In Milwaukee, vouchers are saving the taxpayers money.

The per-pupil taxpayer cost of independent charters and the MPCP is substantially less than that of the Milwaukee Public Schools (MPS). In 2011-12, MPS per pupil taxpayer cost was $13,269, which is made up of state, local, and federal aid compared to $7,775 for independent charters and a maximum of $6,442 combined state and local aid for MPCP. The MPS per pupil taxpayer cost is calculated using information from the MPS budget. The MPCP per pupil funding is from the Legislative Fiscal Bureau Informational Paper on the Milwaukee Parental Choice Program.

Never knowing when to quit, NEA recently posted an article about Barbara Miner, who just wrote a book about Milwaukee called Lessons from the Heartland: A Turbulent Half-Century of Public Education in an Iconic American City. Miner, who is mordantly attached to the status quo and quite enthusiastic about it, is associated with Rethinking Schools, an organization that believes real education reform will be led by the teachers unions. (No, this is not an early April Fool’s joke.) In 2011, this “social justice” outfit held a conference where its keynote speaker was unrepentant terrorist Bill Ayers. (Here we see a photo of chums, Ayers and Miner, at the event.) NEA ends the article with a direct quote from Miner, who leaves no doubt about her values as she unloads on Wisconsin’s pro-choice governor Scott Walker.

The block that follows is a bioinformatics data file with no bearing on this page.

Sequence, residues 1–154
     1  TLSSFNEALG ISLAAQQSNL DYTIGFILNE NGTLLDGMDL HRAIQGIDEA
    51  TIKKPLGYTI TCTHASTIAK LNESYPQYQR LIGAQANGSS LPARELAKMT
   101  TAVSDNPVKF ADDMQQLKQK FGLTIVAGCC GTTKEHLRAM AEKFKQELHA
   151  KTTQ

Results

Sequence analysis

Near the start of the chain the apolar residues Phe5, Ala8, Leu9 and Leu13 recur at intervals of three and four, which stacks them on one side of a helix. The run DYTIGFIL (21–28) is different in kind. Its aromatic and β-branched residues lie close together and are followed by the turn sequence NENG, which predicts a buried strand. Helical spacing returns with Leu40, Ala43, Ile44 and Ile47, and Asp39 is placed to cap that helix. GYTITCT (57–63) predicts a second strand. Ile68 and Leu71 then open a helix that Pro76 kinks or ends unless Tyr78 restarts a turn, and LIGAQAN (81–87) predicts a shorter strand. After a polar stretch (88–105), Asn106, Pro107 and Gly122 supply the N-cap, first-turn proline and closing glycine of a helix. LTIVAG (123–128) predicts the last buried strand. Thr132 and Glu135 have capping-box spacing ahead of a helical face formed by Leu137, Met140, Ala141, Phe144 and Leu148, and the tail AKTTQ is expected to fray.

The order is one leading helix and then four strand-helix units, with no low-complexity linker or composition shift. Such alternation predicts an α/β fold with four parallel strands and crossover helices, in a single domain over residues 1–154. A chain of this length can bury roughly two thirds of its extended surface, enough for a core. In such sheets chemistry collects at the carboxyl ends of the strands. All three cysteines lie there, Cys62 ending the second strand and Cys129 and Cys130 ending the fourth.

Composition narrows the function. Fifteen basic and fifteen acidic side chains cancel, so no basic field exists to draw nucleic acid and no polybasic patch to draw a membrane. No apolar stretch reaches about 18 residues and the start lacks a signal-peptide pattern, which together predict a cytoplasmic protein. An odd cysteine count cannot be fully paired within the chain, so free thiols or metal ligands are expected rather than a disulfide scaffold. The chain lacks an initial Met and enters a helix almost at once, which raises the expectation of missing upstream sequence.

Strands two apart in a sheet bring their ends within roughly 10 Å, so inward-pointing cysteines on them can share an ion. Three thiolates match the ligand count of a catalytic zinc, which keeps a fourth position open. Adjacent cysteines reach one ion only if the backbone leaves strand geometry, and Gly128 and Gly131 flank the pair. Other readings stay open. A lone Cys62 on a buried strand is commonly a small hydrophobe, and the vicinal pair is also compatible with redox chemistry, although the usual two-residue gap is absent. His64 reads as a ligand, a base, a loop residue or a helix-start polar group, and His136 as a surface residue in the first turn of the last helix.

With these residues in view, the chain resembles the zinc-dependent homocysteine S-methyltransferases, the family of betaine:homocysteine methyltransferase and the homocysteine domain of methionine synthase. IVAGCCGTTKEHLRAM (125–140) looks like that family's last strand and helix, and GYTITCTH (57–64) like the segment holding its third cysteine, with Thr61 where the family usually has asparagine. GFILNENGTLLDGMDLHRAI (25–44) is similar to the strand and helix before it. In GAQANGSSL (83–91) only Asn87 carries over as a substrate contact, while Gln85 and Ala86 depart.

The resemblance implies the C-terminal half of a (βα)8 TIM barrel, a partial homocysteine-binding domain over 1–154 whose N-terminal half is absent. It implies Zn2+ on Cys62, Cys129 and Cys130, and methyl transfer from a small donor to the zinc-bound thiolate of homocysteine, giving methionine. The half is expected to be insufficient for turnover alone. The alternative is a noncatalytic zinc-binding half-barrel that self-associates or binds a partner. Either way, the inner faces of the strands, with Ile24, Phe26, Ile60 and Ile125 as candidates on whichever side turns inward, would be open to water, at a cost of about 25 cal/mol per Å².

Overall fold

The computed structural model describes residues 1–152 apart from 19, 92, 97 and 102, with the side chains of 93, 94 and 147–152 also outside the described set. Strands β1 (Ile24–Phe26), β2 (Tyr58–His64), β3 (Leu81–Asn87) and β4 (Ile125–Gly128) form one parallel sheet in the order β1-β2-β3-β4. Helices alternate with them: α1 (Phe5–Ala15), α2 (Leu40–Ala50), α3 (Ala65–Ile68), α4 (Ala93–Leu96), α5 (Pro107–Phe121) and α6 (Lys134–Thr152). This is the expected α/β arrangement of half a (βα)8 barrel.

We survived Joe McCarthy. We will survive Scott Walker.

Apparently, in Miner’s eyes, Walker is an evil demagogue because he championed the move to get the government out of the union-dues-collection business, and has the audacity to care more about kids and taxpayers than ensuring that big bucks flow to union coffers.

But despite Miner, Ayers, NEA et al, MPCP is prospering and the future for school choice in Milwaukee and the rest of the Badger State is bright. Two years ago, Marquette professor Alan Borsuk wrote “Milwaukee could become first American city to use universal vouchers for education.”

Prescient? Perhaps.

According to the results of a Marquette University poll, released on March 19th,

…51 percent of Wisconsin voters support a major expansion of the state’s private school choice program.

The Marquette poll reported that 37 percent of Wisconsin voters would support a statewide expansion of the program while another 14 percent would support its expansion to large school districts with some failing schools. In contrast, 14 percent of voters say they favor not expanding the program, while 28 percent would end it.

On, Wisconsin!

Larry Sand, a former classroom teacher, is the president of the non-profit California Teachers Empowerment Network – a non-partisan, non-political group dedicated to providing teachers with reliable and balanced information about professional affiliations and positions on educational issues.

Got Glue?

Restoring civic attachment and mainstreaming revolution.

Back in 2010, the American Enterprise Institute launched “The Program on American Citizenship,” a worthy project that is dedicated to

strengthening the foundations of American freedom and self-government by renewing our understanding of American citizenship. The ultimate goal of the Program is to deepen Americans’ appreciation for and attachment to those principles that are necessary to keep the United States free, strong, and democratic.